gms | German Medical Science

63rd Annual Meeting of the German Society of Neurosurgery (DGNC)
Joint Meeting with the Japanese Neurosurgical Society (JNS)

German Society of Neurosurgery (DGNC)

13 - 16 June 2012, Leipzig

Bone flap reimplantation after decompressive hemicraniectomy: Underestimated surgery-associated complications?

Meeting Abstract

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  • K. Reineke - Abteilung für Neurochirurgie, Georg-August-Universität Göttingen
  • V. Rohde - Abteilung für Neurochirurgie, Georg-August-Universität Göttingen
  • T. Behm - Abteilung für Neurochirurgie, Georg-August-Universität Göttingen
  • D. Wachter - Abteilung für Neurochirurgie, Georg-August-Universität Göttingen

Deutsche Gesellschaft für Neurochirurgie. Japanische Gesellschaft für Neurochirurgie. 63. Jahrestagung der Deutschen Gesellschaft für Neurochirurgie (DGNC), Joint Meeting mit der Japanischen Gesellschaft für Neurochirurgie (JNS). Leipzig, 13.-16.06.2012. Düsseldorf: German Medical Science GMS Publishing House; 2012. DocFR.13.02

DOI: 10.3205/12dgnc278, URN: urn:nbn:de:0183-12dgnc2780

Published: June 4, 2012

© 2012 Reineke et al.
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Outline

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Objective: Decompressive hemicraniectomy and duroplasty after malignant brain infarction or traumatic brain injury is a common surgical procedure. Usually, preserved bone flaps are reimplanted after resolution of brain swelling. Artificial bone grafts are seldom directly implanted due to the risk of wound healing disorders. While numerous studies deal with decompressive hemicraniectomy, little is known about the encountered problems of bone flap reimplantation. Thus, the aim of the study was to identify surgery-associated complications after bone flap reimplantation.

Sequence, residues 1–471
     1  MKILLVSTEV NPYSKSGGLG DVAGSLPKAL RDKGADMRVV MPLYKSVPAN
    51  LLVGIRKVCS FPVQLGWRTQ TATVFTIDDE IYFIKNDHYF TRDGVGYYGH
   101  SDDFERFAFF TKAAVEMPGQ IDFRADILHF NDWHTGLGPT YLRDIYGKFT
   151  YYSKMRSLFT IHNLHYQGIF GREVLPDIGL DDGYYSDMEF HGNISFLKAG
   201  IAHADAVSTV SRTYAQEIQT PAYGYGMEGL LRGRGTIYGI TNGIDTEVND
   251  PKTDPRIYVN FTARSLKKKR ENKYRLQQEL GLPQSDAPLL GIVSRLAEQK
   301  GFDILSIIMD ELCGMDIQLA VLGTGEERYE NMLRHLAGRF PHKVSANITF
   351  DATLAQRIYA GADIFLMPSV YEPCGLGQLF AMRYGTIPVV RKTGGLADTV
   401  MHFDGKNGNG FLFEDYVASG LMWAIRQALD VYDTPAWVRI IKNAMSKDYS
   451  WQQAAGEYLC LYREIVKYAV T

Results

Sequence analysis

Methods: We retrospectively analyzed data of patients that underwent decompressive hemicraniectomy and subsequent bone flap reimplantation during the last ten years at our institution. We registered initial clinical grading, outcome and surgery-associated complications. Patients with incomplete data were excluded from the study.

Results: We identified 135 patients, who underwent decompressive hemicraniectomy and subsequent reimplantation. Thirty-one patients (23%) had surgery-associated complications after bone flap reimplantation. Most often, wound healing disorders or aseptic bone necrosis were the underlying cause (90%, n = 28/31). In two cases, an epidural hematoma (6.5%) and in one case a space-occupying hygroma (3.5%) were further surgery-associated complications.

Conclusions: Almost one fourth of the patients that are operated on for bone flap reimplantation after hemicraniectomy suffer from surgery-associated complications. Most often, wound healing disorders as well as aseptic bone necrosis lead to a third operation with the need for artificial bone implantation. These results might raise the question, whether a third operation can be avoided, if an artificial bone is initially chosen for cranioplasty.